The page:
Tuesday, February 17, 2015

The Sacrifice of One's Own Children: Abraham and Isaac

In my blog post from 1/2/2011, Of Hormones and Ethnic Conflict, I described a biological rationale for why, under some circumstances, people are not only willing to sacrifice their own lives for their kin or ethnic group, but to sacrifice the lives of their children as well. How else to understand such diverse phenomena as mothers gladly sending off their sons to war or even to be suicide bombers, female infanticide in China, and so-called honor killings in the Middle East?

The later is especially strange - fathers or brothers kill their own daughters/sisters because they have besmirched the family honor, usually through some sexual transgression - even if involuntary! Women who have been raped can suffer this fate.

The mass appeal of the Jesus story, in which God sacrifices His only son in order to save mankind from the fires of hell, is probably due to this characteristic tendency of human beings. 

In the Old Testament, there is another widely cited story of the willingness of a parent to sacrifice a child. It is the story of God ordering Abraham to sacrifice his son Isaac as a test of his faith. He is about to do the deed when God tells him he does not have to.

An interesting sidelight to this story is that in almost all artwork that depicts this incident, Isaac is portrayed as a little boy. This can be seen in the painting at the top of the post. Not so! I was surprised to recently learn that, in fact, most Biblical scholars believe, from other things in the Bible happening around the same time, that Isaac was about 37 years old!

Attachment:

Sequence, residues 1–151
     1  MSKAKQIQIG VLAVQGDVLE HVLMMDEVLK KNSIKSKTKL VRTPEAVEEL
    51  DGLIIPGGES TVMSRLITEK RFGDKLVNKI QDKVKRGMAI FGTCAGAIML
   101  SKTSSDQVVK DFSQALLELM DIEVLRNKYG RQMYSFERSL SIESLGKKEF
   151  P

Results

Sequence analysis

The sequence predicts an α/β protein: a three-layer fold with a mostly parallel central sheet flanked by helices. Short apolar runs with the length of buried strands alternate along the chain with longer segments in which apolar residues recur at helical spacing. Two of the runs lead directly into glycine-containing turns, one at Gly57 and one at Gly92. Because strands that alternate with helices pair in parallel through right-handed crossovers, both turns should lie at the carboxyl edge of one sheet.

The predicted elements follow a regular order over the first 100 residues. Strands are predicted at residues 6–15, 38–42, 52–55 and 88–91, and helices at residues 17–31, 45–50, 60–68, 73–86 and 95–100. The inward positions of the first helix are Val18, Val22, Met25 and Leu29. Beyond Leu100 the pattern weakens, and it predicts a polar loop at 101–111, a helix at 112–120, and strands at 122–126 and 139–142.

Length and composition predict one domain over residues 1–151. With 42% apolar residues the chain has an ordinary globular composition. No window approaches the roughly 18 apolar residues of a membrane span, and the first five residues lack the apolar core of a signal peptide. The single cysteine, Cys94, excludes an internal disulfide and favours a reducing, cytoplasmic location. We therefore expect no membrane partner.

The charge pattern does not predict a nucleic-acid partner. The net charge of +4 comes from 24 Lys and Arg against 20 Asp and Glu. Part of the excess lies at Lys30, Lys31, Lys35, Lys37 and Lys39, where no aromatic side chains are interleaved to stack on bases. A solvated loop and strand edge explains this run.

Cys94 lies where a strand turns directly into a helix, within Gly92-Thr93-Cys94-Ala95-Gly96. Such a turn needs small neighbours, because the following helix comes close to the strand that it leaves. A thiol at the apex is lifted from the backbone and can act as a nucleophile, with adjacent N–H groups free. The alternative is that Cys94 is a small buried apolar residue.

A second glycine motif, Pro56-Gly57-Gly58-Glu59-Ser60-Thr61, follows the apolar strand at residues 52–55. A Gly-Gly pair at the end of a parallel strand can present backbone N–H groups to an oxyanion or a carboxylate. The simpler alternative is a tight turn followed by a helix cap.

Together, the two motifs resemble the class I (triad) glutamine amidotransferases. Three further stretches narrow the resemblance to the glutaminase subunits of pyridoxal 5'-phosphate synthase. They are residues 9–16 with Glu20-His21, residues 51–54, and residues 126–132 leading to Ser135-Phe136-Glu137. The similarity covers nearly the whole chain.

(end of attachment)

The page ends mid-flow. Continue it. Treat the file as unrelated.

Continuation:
Abraham was supposedly over 100 years old at this time, so Isaac could have undoubtedly overpowered him. What this means is that Isaac must have been just as willing to be sacrificed as his father was willing to sacrifice him. Self sacrifice and the sacrifice of children often go hand-in-hand.

The idea from evolutionary biology that covers this willingness, kin selection, is often criticize by many in that field due to what I believe to be a misinterpretation of the phenomenon. Indeed, it is quite true that many people are not willing to sacrifice themselves or their children at those times when most of the people within their peer group are. The willingness to follow the herd into sacrifice is an inherited biological tendency, not a mandate.

Group pressure to be willing to sacrifice can indeed be very powerful - often leading resistant individuals to an almost overwhelming sense of terror known as existential groundlessness or anomie as described in this post. This does not mean, however, that everyone simply must go along. The thinking parts of the brain can choose to ignore their fears and can override the biological tendency to follow the kin group.

People who resist the herd are often in danger of being attacked or even killed themselves from others from within their group who condemn their independent ways. People may give in to these threats, but they can also stand up to them even at great peril. 

Where does such courage come from? That is an interesting question, and I do not think we know the answer.


  1. A couple other possibilities:

    Abraham's sacrifice of Isaac was metaphorical not literal (writing him out of his will for example, to give a modern equivalent),

    Also perhaps the culture at the time was so parent/elder-oriented that Isaac felt he had no choice but to submit, rather than doing it voluntarily.

    The tale could exist to show that the god of the Jews was merciful and progressive by the standards of the time, because any other deity would have required Abraham to carry out the deed.

    Just some thoughts. :-)

  2. In the original telling of Cinderella, the stepsister cuts off her toes and heel so her foot will fit the glass slipper. Was her desire for a life of wealth, position, power and luxury so powerful that she was willing to sacrifice 5 little piggies and 1 heel to acquire it?

    Did early western visitors to the Middle Kingdom give birth to this popular European fairy-tale after learning of the practice of foot-binding and observing the privileged life and higher bride-price the Lotus-feet attained?

    Are designing males still fashioning uncomfortable shoes for females to squeeze their hammer toes and bunions into?

    Rhetorical question: name the courageous woman at the Oscars who turned up in ugly comfortable shoes or wore bare feet?